SHARE >>>  
/// PUBLICATIONS
Bending Adversity – Japan and the Art of Survival

Book Review:Bending Adversity – Japan and the Art of Survival

By Fraser Cameron, Director

15 December 2014

David Pilling’s Bending Adversity – Japan and the Art of Survival is a masterful account of how the nation that was about to take over the world in the 1990s slipped into a semi-permanent recession and how it copes with this relative decline in living standards. During his six years (2002-08) as the bureau chief of the Financial Times in Tokyo, Pilling immersed himself in Japanese culture and politics. He makes the point that Japan still counts in the world with 8% of global output compared to less than 4% for the UK. It is the world’s biggest creditor and has the second highest holding of foreign exchange.

Following the catastrophic earthquake and tsunami of March 2011 that destroyed the Fukushima nuclear reactor, Pilling made several visits to Japan to assess how the country coped with the disaster. His account is a sympathetic portrait of a country that is less open to outside influences than any other major Asian country. There is a Japanese way of doing everything, from making tea to bowing to one’s colleagues.

Through a mix of interviews with politicians, bankers, editors, academics and ordinary Japanese he allows the citizens to offer their own perspectives on how the country is changing due to adverse circumstances.  The old jobs for life culture is rapidly eroding as more and more young people are offered only short-term contracts. Women are still struggling for equality in the labour market. The horrendous public debt - over 220% of GDP - is a millstone around the government’s attempts to reform pensions and healthcare. At the same time Pilling suggests that the Japanese have been able to preserve living standards and social cohesion better than is commonly acknowledged.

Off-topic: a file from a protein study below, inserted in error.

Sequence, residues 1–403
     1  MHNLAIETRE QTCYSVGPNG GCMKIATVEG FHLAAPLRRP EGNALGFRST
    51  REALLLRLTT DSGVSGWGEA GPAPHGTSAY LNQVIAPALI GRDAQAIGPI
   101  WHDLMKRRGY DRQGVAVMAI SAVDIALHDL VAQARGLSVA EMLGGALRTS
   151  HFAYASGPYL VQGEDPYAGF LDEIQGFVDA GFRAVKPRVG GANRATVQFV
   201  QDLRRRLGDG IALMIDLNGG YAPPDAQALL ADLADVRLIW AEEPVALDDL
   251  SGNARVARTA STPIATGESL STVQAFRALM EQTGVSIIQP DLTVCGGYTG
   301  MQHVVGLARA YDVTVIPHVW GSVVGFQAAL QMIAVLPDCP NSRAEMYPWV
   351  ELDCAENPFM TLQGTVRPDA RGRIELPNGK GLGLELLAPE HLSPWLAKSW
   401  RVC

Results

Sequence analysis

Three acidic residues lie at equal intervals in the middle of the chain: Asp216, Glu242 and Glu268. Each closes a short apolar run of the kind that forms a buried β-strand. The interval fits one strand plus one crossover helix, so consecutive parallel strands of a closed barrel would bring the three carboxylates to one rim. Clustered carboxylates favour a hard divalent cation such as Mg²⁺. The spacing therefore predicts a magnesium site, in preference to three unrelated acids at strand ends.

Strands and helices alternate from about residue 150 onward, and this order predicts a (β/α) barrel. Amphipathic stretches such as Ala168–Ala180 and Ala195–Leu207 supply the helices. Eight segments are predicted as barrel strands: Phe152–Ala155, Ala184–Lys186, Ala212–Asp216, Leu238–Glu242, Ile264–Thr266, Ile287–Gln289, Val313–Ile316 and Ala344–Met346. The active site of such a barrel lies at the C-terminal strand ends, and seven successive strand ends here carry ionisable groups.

But Pilling is critical of the ‘rotten body politic’ and an official culture that is riddled with ‘paternalism, complacency and deceit’. Japan has not been blessed with strong political leaders. A succession of prime ministers have come and gone with few making any imprint. Pilling has a soft spot for the quaffed Junichiro Koizumi, ‘the most charismatic prime minister in a generation.’ But ultimately he failed to overcome the deeply entrenched vested interests in Japan.  In the aftermath of Shinzo Abe’s election victory it will be interesting to see if he succeeds where Koizumi failed.

Pilling concludes that despite all its problems Japan remains a resilient, adaptive society and its history suggest it has the ability to confront and overcome the many difficulties it faces. We shall see.